(March 14, 2019, Fortune) Last year, Medidata Solutions realized it had a problem. The pharmaceutical software company had a seven-person board of directors—and all seven were men.
Chairman and CEO Tarek Sherif knew he needed to diversify the group. But as the board began the search for its next member, Sherif observed an all too common phenomenon: every female referral the board received was an experienced company director who was already sitting on at least one other board. Not only were these executives already stretched thin, but Sherif had already seen for himself the way companies’ reliance on board vets kept otherwise qualified women from landing their first directorship.
So Sherif decided that his company’s board would break the mold: Medidata would continue its search for the right female board member—specifically one who had never served on a board before.
Medidata’s own analysis of this particular problem led the company to go outside the usual board recruitment methods. Instead of relying on search firms, the company opened up applications to candidates it found through university networks, employees’ personal networks, and even social media. The board got 500 applications from what it considered qualified candidates and ended up finding its perfect eighth member through one of the more unorthodox of those options: LinkedIn.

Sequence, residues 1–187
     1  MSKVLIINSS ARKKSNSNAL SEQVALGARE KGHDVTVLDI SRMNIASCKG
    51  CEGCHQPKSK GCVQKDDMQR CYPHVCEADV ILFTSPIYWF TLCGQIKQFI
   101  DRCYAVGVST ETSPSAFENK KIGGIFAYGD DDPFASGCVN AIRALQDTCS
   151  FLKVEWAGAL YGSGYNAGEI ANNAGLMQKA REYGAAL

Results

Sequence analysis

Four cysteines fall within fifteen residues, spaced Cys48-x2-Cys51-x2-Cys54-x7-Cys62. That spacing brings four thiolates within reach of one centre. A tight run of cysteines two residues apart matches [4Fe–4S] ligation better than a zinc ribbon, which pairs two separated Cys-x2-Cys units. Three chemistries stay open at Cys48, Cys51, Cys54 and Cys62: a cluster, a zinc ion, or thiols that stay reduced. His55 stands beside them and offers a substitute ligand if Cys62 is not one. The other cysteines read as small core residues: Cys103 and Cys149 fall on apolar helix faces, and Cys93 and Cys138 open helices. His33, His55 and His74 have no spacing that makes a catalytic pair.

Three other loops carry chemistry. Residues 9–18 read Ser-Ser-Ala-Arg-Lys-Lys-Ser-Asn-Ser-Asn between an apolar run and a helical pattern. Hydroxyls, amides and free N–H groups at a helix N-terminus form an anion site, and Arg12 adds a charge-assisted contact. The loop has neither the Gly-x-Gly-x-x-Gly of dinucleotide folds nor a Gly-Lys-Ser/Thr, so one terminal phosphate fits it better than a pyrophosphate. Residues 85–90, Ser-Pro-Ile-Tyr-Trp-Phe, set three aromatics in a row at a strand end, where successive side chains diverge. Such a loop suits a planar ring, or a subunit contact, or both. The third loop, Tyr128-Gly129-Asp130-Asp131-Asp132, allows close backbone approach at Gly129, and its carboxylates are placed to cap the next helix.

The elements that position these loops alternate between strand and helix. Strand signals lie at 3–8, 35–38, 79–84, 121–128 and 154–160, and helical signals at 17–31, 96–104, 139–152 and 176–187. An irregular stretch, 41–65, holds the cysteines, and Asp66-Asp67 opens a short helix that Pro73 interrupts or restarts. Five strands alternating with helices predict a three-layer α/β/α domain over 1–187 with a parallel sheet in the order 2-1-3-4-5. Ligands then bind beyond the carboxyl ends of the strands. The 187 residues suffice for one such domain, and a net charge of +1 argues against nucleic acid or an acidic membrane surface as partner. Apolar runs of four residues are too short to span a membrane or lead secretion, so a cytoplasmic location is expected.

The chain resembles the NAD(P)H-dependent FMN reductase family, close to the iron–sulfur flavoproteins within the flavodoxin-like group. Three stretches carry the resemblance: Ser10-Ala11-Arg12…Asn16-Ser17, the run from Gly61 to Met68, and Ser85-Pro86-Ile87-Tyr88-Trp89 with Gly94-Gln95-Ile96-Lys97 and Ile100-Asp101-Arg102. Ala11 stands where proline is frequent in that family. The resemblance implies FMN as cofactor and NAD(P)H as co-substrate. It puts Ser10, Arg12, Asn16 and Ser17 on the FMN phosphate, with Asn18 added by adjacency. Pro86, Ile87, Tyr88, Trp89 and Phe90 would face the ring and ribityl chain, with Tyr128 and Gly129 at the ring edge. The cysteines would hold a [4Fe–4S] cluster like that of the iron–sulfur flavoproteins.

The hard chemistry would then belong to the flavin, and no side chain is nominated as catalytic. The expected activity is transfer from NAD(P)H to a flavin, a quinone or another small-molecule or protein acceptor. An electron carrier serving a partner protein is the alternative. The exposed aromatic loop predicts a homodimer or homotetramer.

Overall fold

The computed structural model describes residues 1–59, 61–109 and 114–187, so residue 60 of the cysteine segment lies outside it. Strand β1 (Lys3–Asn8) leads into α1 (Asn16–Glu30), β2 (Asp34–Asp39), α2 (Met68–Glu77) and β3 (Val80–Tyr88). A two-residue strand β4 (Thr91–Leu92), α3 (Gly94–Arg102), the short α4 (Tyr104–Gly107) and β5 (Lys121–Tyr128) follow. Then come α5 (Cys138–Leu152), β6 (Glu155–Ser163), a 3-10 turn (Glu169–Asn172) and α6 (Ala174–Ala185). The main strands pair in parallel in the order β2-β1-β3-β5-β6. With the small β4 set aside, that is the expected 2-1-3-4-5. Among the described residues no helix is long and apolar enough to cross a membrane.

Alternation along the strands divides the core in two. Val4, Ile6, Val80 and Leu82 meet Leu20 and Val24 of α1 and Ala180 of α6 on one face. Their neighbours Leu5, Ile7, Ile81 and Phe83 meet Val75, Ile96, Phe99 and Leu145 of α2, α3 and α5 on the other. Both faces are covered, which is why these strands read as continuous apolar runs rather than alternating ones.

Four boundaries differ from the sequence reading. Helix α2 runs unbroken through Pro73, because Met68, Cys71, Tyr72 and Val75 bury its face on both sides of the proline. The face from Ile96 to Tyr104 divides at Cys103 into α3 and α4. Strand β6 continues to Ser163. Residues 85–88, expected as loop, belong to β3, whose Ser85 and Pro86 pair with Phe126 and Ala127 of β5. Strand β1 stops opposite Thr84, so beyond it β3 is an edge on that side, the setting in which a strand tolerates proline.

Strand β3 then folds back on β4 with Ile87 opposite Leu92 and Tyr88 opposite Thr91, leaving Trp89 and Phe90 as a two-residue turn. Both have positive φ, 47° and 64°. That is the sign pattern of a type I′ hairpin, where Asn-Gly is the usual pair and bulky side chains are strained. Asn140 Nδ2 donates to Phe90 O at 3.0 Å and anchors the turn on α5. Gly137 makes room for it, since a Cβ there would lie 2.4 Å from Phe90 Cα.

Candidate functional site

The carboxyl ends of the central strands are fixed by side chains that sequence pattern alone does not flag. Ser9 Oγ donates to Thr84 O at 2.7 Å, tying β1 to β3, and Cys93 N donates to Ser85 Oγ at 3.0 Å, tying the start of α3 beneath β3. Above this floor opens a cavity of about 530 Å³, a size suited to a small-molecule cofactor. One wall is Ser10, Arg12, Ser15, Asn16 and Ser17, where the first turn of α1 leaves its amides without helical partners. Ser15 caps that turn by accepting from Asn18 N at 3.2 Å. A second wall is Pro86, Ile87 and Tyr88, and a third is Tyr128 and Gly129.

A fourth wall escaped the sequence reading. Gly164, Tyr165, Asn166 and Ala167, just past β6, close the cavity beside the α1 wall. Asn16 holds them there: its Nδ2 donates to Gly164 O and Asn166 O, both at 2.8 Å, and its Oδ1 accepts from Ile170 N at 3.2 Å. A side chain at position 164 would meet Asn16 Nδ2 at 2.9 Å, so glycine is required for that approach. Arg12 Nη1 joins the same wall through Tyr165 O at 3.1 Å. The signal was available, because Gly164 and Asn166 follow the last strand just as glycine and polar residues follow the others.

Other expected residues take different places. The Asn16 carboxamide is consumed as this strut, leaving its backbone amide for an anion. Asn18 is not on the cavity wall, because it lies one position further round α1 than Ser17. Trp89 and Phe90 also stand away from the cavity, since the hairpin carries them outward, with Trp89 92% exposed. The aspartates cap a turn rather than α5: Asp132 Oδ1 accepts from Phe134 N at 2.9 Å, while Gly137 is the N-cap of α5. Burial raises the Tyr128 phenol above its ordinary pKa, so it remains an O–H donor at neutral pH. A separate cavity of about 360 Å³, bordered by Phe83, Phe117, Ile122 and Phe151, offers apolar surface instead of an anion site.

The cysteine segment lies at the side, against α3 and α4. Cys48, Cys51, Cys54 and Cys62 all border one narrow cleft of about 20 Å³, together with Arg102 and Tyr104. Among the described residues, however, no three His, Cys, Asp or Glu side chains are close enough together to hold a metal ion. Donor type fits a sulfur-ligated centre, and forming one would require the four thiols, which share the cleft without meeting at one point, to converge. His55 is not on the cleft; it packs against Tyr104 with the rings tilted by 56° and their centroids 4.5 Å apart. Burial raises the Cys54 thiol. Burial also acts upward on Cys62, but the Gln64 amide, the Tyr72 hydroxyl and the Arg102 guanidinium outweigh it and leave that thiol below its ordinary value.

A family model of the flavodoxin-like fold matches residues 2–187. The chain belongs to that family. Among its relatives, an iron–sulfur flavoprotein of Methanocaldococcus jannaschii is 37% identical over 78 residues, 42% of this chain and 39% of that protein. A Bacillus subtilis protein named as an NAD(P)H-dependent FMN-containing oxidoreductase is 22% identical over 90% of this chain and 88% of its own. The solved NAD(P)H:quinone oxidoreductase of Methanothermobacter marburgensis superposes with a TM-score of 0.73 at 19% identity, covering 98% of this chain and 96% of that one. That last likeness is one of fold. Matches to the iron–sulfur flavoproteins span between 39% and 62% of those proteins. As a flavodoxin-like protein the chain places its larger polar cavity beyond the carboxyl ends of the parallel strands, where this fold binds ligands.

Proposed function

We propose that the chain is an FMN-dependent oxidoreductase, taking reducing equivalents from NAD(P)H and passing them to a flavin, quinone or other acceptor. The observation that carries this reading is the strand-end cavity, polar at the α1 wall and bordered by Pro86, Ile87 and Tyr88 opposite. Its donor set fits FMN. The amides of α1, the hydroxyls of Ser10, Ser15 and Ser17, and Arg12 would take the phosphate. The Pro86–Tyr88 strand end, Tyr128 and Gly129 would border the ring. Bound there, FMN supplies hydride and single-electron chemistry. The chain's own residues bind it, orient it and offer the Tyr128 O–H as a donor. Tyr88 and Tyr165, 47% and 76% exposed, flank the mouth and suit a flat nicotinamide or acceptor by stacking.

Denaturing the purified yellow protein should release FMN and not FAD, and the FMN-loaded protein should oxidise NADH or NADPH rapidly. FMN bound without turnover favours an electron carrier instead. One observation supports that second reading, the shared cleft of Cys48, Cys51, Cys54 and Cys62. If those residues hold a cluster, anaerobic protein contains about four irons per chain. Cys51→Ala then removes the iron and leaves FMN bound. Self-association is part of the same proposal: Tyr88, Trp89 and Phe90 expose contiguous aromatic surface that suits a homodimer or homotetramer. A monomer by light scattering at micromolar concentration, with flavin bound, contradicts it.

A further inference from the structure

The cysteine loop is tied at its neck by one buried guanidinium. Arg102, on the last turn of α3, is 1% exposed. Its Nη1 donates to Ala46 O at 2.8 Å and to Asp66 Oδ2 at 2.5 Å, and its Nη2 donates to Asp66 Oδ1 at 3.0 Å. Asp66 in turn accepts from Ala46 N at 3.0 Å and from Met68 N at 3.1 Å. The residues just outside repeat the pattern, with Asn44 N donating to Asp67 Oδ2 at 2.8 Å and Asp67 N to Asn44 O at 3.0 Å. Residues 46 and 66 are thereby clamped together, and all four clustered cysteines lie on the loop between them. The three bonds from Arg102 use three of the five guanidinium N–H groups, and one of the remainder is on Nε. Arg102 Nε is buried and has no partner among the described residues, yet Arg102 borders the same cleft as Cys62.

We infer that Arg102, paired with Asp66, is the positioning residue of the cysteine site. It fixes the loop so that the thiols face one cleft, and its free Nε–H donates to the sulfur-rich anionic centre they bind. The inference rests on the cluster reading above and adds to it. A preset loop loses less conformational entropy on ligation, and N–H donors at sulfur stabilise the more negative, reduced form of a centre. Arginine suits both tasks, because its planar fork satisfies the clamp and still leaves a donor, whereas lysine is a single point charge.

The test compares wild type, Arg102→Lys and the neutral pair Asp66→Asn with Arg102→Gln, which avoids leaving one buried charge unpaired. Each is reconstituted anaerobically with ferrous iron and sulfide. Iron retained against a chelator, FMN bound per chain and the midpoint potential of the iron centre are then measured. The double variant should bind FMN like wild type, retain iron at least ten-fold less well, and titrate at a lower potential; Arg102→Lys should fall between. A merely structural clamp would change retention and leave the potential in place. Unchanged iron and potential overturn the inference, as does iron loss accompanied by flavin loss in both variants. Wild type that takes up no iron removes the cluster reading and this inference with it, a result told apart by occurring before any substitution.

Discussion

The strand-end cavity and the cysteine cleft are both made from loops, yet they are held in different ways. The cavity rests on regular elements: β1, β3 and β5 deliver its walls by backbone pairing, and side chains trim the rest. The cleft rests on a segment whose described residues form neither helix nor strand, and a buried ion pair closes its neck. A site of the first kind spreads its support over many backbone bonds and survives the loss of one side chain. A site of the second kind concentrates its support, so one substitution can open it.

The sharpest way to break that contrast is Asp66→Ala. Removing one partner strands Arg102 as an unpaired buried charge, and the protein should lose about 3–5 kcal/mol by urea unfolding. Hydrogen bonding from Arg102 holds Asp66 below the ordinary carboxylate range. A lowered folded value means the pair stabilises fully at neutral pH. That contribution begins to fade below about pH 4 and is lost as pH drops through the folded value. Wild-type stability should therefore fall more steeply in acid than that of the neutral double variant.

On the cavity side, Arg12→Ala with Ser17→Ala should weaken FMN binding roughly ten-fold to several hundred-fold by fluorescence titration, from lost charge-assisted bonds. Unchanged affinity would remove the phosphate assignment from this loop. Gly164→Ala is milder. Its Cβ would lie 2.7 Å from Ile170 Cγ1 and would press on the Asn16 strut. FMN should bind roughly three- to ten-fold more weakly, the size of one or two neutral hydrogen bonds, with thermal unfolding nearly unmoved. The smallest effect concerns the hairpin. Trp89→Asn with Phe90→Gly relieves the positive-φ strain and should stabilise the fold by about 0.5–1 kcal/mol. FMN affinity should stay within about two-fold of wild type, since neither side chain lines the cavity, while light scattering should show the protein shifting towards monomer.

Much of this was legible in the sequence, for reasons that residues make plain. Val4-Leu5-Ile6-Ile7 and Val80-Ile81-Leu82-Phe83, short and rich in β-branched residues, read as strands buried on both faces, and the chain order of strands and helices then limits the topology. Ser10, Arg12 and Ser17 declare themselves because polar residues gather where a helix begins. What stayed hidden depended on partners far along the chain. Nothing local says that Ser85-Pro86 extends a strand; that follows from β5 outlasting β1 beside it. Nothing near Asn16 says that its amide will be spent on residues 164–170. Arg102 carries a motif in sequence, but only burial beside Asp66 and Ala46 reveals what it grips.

The Alliance for Board Diversity and Deloitte found that women held 38.6% of board seats at Fortune 100 companies in 2018, compared to 35.9% two years earlier. But research from the firm Morningstar suggests those small gains might not actually be benefitting women as a group. While only 17.9% of male board members serve on more than one board, 24% of women do. Those numbers suggest that companies realizing they need to add a woman to their board might be gunning for members of the same, minuscule group of women already serving as directors—improving diversity for those company boards, but not getting more qualified women into this level of corporate leadership.
“If we’re just adding the same women to more boards, we’re not adding more diversity. We’re just recycling the same set of women,” says Madison Sargis, who completed the research for Morningstar.
Maria Rivas, a longtime healthcare executive, took up her first board seat at Medidata in October 2018 after rising to the top of the application pile through her LinkedIn connections; she had reached out to Sherif as well as other board members on the platform. Sherif and the board were looking for a novice board member, but one who had experience working with boards as an executive, and someone with pharmaceutical expertise. Rivas checked all the boxes. “There was a commitment from board members and executives to allow for the flexibility of an individual bringing expertise, but not necessarily experience in board membership,” Rivas says of her new role.
And Medidata has pledged to add another woman to its board by 2020. This time, the company is looking for a candidate with experience in technology and data science.
“It’s important that CEOs and chairmen be aware of the fact that there is a pool of talent out there,” Sherif says. “There are a lot of qualified women—you just have to know where to look for them.”
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